Once you’ve been teaching yoga for a while (or anything, for that matter) I wonder if you can ever go back to being “just” a student. Whenever I attend a class or workshop, I find myself watching how the instructor deals with teaching issues, as well as simply participating in the practice. What modifications does s/he offer for Adho Mukha Svanasana (Down Dog)? What guidance does s/he give during Savasana (Corpse)? How does s/he deal with some one who refuses any suggested adjustments? I try to focus on my own practice but being in a class means interacting with a variety of students and I can’t ignore how other people are processing the information the teacher presents.
When I write a lesson plan, I try to imagine how the class will unfold for my students. Where will they need more instruction? Who will have difficulty with certain poses and needs a specific modification? I try to remember my student-only days and think about what made a class the most beneficial for me. I find a combination of words and action—and I’m not sure I could actually say how to create this combination—made the various asana come alive to me both physically and mentally.
I think the most important thing to me, as a student, is sensing that the teacher is tuned-in to the dynamics of the classroom. I want to feel as if s/he is watching how the instruction is being followed; if there needs to be more explanation; if we are getting the benefits of the pose or need to be adjusted; if s/he is willing to adapt the lesson plan to fit the needs of this particular group of students. I want a class to have a plan, but I want that plan to be organic so it can change if it needs to and the teacher is comfortable with going “off book.” And I like surprises: for instance, if the teacher sequences asana in an unexpected way that makes me experience the asana differently than I have before.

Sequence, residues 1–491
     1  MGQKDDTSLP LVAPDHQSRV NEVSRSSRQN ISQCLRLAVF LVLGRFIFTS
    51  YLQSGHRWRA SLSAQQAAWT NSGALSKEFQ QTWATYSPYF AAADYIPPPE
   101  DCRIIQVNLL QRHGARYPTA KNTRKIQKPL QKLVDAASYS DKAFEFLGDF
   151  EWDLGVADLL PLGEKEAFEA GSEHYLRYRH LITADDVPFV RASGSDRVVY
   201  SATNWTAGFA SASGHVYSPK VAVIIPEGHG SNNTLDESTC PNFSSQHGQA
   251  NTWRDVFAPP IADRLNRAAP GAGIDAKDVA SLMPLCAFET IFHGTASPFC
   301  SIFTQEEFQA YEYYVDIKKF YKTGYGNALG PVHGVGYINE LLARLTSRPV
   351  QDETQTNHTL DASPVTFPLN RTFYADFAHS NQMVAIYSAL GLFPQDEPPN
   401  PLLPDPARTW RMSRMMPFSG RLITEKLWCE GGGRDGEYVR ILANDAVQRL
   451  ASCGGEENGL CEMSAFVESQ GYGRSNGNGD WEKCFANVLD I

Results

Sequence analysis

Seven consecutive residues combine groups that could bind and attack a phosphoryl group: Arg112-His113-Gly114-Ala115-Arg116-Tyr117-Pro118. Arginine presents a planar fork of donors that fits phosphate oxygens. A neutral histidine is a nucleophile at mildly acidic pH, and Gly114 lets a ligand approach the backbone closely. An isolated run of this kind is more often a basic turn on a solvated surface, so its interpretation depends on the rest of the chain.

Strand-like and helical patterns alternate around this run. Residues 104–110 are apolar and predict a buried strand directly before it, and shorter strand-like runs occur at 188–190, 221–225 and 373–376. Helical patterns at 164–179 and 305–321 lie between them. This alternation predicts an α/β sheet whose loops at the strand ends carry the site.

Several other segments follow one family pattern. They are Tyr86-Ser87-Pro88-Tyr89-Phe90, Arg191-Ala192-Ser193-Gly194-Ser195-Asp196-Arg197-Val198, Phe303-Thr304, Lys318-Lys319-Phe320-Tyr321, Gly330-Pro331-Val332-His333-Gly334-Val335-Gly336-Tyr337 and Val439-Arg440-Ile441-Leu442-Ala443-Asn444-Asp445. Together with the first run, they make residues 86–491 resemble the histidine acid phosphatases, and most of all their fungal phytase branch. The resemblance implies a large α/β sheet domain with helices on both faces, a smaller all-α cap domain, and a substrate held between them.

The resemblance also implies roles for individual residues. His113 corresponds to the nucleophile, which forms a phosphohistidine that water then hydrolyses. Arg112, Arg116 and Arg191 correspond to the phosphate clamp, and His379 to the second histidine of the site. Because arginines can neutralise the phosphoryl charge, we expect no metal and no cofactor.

I also place high value on a sense of humor, a soothing voice and a deep level of understanding. Although it probably isn’t fair, I want my teacher to have more experience than I do with yoga. I’m not sure I would be happy with a teacher that was significantly younger than me (check out this New York Times article on the subject). I have never been in a class where youth and inexperience factor was an issue, but I’m pretty sure I would be skeptical…
What if your class and teacher are close to your ideal, but not quite? Pat asked last week about getting a teacher to talk less…I’ve been mulling the question, because I think it’s a good one. As a teacher, I want to know if some one is having trouble in the class and if I could do something to help them. As a student, I’m not sure I’d have the guts to comment of such a personal element of the class (good Midwesterner that I am)—especially if it seemed like the teacher was proud of his/her style of explanation. Maybe you could suggest a different approach to the teacher as something the class might try (adding a silent meditation? doing a class without music?) or ask if there are
quieter classes at your studio. I usually vote with my feet, if a class bothers me, but I’m not sure that is the most constructive solution.
What have any of you dear readers tried? How do those of you that teach prefer to get feedback? What do you all think are good/bad traits of a teachers (I realize it’s a personal preference, but I’m curious to hear what students value)? I’ve bared my soul (sort of) about what I like in a yoga class, now let me hear from you. ©Brenda K. Plakans. All Rights Reserved